‘It really pleases me to write you for a lovely and sincere friendship even if we haven't met or seen each other before. I will so much appreciate to see your reply soon, so that we can share pictures and know more about ourselves’.
And Alena, who sometimes wrote her name Elena. A dating agency asked her what kind of men she likes, and they said she should talk to me. ‘Maybe learning more about each other we can have true relations. I want to search my love. I want to have true relations.’ Did I mention I’m not a man?
It seems to me these spammers are missing a trick. They’ve had a bit of a half baked idea here – let’s pretend to be a real person to gain a sympathy vote and to build up some trust... but let’s write in a way that no real person would.
You’d never say my aim of contacting you is to solicit your cooperation and assistance based on one of the accounts under my management. Or I got your contact from the internet, while searching for an honest and trustworthy person who will assist me to implement this transfer. They’re just words gone wrong. No real person would say them. These spammers need to write like they speak. Or they’ll never find anyone to give all that money to.
Most businesses don’t think about their writing enough. Some only ever think to write well when it comes to external things like ads and posters. But a few get it right all the time.
Innocent is one of those. Their tone is always clear, from the bit on the bottom of the bottle that says ‘stop looking at my bottom’, to when you call them up (someone will answer ‘banana phone’), to their brochures, their website, their employment contract, etc.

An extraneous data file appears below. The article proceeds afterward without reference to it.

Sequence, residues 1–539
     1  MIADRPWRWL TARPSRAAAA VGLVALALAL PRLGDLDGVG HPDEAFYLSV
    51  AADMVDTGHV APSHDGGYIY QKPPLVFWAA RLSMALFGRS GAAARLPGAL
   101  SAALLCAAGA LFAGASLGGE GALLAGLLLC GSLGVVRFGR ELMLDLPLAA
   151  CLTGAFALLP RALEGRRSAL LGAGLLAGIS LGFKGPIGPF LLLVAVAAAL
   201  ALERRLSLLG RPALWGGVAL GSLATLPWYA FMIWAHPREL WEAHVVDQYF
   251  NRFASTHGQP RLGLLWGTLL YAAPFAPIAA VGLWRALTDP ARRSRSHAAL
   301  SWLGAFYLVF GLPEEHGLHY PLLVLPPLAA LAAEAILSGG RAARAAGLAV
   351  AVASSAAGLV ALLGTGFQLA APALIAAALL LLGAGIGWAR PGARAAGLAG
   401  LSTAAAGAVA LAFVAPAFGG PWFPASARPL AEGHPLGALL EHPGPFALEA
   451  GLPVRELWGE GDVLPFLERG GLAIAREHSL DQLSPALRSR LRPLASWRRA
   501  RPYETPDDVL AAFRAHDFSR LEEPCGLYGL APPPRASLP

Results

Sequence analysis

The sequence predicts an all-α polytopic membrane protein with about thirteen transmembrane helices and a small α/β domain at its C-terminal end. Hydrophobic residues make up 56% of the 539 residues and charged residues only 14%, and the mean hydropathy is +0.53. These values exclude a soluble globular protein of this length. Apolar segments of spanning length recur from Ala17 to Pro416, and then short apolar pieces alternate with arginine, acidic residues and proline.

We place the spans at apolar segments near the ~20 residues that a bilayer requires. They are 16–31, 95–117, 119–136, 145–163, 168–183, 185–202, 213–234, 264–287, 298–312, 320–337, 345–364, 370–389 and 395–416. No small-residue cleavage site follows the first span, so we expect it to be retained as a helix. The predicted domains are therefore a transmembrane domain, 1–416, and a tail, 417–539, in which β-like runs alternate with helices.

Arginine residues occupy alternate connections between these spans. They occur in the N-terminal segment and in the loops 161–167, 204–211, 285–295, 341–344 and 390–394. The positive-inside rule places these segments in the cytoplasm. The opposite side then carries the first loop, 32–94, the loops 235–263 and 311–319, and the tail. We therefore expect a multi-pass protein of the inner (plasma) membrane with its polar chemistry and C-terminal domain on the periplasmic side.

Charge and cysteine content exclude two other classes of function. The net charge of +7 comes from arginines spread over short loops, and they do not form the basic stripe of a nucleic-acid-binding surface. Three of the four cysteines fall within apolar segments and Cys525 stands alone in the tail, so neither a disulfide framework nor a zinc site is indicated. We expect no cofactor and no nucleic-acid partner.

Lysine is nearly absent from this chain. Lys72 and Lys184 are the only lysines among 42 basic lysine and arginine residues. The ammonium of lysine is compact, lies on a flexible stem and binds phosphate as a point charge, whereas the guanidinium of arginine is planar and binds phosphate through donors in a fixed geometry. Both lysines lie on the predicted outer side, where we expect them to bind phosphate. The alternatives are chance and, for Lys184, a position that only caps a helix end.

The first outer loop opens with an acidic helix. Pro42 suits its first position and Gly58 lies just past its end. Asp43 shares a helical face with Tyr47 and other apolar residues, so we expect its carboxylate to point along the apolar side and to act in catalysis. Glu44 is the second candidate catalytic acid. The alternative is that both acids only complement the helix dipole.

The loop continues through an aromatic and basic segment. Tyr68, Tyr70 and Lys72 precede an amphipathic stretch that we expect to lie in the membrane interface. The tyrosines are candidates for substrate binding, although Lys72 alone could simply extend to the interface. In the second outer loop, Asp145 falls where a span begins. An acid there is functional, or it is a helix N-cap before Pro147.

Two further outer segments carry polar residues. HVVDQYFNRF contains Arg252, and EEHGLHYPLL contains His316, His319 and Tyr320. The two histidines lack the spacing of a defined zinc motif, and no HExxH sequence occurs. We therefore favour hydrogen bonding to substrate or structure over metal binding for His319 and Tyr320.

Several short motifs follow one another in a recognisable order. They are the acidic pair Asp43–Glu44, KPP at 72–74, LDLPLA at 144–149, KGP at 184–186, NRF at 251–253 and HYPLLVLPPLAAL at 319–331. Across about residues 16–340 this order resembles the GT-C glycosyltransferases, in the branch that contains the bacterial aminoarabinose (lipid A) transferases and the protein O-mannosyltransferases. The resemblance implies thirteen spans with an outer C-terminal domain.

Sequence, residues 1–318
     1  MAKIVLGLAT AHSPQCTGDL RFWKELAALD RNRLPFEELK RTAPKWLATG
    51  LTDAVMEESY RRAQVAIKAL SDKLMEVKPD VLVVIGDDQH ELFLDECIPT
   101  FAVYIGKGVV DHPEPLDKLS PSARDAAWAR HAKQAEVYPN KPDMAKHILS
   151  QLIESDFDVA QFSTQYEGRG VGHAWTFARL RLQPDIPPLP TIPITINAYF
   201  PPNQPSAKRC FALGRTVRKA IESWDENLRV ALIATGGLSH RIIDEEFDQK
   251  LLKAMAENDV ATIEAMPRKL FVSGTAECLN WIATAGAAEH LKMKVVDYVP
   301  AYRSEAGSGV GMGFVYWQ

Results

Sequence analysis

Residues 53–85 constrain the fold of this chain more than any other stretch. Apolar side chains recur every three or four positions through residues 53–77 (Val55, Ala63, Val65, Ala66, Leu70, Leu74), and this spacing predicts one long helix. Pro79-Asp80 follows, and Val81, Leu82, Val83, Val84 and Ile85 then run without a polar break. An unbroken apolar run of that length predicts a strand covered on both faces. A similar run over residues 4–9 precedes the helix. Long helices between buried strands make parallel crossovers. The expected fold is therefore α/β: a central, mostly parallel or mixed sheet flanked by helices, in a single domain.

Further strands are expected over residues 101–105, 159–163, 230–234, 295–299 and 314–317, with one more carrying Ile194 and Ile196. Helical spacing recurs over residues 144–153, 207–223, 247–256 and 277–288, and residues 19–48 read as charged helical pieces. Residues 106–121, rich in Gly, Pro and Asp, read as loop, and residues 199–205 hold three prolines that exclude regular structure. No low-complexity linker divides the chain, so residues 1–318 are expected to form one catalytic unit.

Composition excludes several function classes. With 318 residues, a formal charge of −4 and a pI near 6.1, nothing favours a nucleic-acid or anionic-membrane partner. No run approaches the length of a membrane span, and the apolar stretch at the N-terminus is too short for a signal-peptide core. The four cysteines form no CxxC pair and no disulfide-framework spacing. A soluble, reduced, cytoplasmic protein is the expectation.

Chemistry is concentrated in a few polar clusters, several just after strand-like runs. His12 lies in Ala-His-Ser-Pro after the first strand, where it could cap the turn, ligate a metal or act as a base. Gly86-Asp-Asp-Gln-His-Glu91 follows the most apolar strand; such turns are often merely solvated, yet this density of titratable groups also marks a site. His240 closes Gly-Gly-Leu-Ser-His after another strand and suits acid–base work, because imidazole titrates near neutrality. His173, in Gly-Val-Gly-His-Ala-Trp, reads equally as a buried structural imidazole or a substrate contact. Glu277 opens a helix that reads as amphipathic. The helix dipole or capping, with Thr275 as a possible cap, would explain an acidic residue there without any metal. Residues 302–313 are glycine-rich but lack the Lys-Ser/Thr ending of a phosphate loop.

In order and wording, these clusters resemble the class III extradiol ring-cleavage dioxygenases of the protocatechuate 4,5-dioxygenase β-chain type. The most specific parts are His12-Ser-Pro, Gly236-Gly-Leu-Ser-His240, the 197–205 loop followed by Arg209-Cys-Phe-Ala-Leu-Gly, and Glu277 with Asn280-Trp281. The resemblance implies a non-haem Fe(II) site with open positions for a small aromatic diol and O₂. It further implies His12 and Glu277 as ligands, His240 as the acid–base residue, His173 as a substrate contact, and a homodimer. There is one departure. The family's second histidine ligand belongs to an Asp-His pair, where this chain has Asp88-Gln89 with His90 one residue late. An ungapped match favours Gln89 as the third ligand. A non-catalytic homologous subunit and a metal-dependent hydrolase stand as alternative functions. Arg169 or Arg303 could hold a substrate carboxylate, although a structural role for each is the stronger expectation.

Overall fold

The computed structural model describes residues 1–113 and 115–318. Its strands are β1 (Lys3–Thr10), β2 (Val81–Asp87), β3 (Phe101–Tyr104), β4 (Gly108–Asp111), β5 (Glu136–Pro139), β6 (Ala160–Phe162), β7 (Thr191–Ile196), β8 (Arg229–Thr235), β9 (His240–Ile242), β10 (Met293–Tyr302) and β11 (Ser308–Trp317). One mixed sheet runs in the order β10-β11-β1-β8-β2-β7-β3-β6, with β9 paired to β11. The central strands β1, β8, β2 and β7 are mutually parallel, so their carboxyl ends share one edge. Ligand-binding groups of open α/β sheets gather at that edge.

Lastminute.com is another. Instead of saying ‘Please click here if you are unable to view these images’ at the top of their emails, they say ‘Has everything gone a bit Picasso?’
Then there’s Google+. The wait between clicking on your selected photo and opening Google’s picture editing programme is cheered up by random witticisms such as ‘Resharing kitten video’ and ‘Amassing high scores’ appearing underneath the loading bar.
For a tone of voice to work, everything a company writes needs to sound like them. From the ads to the small print. We recently challenged one of our clients to change the standard legalese on their ticket offers from ‘Subject to availability’ to ‘When they’re gone, they’re gone’. Because if you aren’t thorough, it’s like carefully crafting a beautiful meal, then serving it on a filthy plate.
Imagine a company, like Innocent, spending a load of money to create a great-looking website, filled with quirky language that’s bang on tone. Then using a traditional word like ‘Search’ for their buttons. Wouldn’t ‘Scout’, ‘Hunt’, or ‘Have a look’ be better? Wouldn’t it make you want to click that button more?
The words in the nooks and crannies are the surprises, the bits we remember, the touches we tell our friends about (as our Neil will tell you). So make sure they’re good ones that are right for the brand.
I know it doesn’t really matter. I know it’s only a little thing. I know there’s much more important stuff going on (heck, the country is being battered by murderous winds as I type). You’ll be amazed that I can afford the seconds in my life to even think about this stuff.
But at the end of the new TV ad for the Nationwide building society, they say ‘visit us in-branch’. (I told you it was a little thing.) But ‘in-branch’? What? No-one says ‘in-branch’ in real life. ‘Did you pay that bill, love?’ ‘Yep, I went to Nationwide and did it in-branch.’ Don’t think so.
This is a phrase that only people who work in banking ever use. (Just like mobile phone companies talk about being ‘a Vodafone customer’. But us normal people say ‘I’m on Vodafone’ or ‘I’m with Vodafone’.) And of course, in the scheme of things it’s not the end of the world. But it is a sign that they’re not quite as connected to their customers as they claim (and that their ad agency have gone native).
Make enough of these wee slips, and you’ll always end up sounding a touch corporate, however magical the rest of your ad looks.